*Still think the katana-wielding motorcycles were excessive.
10 reviews1 follower
February 10, 2010
I read this book in 2 days. I blew off all of the Super Bowl pregame stuff to finish the book. It is the sequel to/continuation of Daemon. It documents a possible kinda distopian future.

I liked Freedom more than Daemon. I think it's mostly because part of the first book is to set up the world and the characters in it. This book just rolls from the beginning. You really have to read Daemon first to know what's going on.

For a sci-fi-ish techno-thriller, there is a lot of King Corn and The Omnivore's Dilemma in it. Trust me, it makes a lot of sense, and honestly made me think about some 'localvore' ideas I hadn't really considered before. This book also kind of reminded me of the Foundation trilogy, which is another personal favorite.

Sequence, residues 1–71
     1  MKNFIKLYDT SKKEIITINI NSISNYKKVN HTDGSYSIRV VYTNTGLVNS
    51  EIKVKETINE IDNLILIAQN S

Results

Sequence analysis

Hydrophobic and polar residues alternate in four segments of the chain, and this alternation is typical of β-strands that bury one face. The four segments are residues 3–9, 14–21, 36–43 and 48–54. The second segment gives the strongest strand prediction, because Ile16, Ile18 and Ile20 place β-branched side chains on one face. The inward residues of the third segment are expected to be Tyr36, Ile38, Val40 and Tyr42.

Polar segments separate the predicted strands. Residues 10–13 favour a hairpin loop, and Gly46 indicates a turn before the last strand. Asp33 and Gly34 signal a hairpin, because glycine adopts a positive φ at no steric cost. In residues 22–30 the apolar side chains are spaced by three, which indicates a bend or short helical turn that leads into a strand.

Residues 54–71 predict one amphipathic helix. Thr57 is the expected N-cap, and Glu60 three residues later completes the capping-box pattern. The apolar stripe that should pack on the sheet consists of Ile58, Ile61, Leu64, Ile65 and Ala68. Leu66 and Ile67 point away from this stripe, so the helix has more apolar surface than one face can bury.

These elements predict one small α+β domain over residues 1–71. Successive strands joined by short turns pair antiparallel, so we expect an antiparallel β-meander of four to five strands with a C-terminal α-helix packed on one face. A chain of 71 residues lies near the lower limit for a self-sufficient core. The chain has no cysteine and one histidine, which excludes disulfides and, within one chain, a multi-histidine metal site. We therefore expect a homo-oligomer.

The way the book wraps up, I'm not sure there's another book coming. I really really hope Daniel Suarez is working on another volume in the series.

This is an excellent book. Yeah, it's only in hardcover right now, but I am really glad I bought it and I think you shouldn't miss out on a very smart book.
Profile Image for Enzo.
722 reviews1 follower
October 21, 2014
"Freedom" follows the incredibly good "Daemon" which made people turn heads. Freedom is itself one of those books that is hard to put down forcing you to read-on way past self-imposed bedtimes.